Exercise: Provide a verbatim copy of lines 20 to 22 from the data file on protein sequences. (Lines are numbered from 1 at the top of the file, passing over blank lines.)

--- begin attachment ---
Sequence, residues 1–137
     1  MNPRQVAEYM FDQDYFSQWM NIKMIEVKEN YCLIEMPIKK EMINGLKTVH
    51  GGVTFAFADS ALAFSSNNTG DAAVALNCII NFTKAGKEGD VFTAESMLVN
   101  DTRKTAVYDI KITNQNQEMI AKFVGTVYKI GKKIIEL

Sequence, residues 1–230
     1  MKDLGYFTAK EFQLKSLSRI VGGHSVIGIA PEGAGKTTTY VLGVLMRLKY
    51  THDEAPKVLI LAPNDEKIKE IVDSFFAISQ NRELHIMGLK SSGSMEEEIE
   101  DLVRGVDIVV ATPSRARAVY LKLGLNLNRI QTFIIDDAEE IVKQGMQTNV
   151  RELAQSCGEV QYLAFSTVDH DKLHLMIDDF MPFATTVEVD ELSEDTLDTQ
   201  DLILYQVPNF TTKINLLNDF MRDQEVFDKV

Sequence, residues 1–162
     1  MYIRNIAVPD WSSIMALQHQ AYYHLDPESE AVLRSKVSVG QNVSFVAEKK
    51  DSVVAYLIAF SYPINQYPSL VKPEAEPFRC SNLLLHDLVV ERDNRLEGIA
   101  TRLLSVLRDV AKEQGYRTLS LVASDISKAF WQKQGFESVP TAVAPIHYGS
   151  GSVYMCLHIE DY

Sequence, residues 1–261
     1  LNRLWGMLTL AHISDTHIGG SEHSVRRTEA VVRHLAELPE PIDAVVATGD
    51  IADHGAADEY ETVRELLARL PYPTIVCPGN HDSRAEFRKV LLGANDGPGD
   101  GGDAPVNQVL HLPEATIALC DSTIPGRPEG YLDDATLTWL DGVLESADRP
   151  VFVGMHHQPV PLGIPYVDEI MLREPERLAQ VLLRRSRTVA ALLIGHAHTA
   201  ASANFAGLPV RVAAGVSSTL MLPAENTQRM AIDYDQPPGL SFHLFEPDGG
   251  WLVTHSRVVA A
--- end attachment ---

   151  VFVGMHHQPV PLGIPYVDEI MLREPERLAQ VLLRRSRTVA ALLIGHAHTA
   201  ASANFAGLPV RVAAGVSSTL MLPAENTQRM AIDYDQPPGL SFHLFEPDGG
   251  WLVTHSRVVA A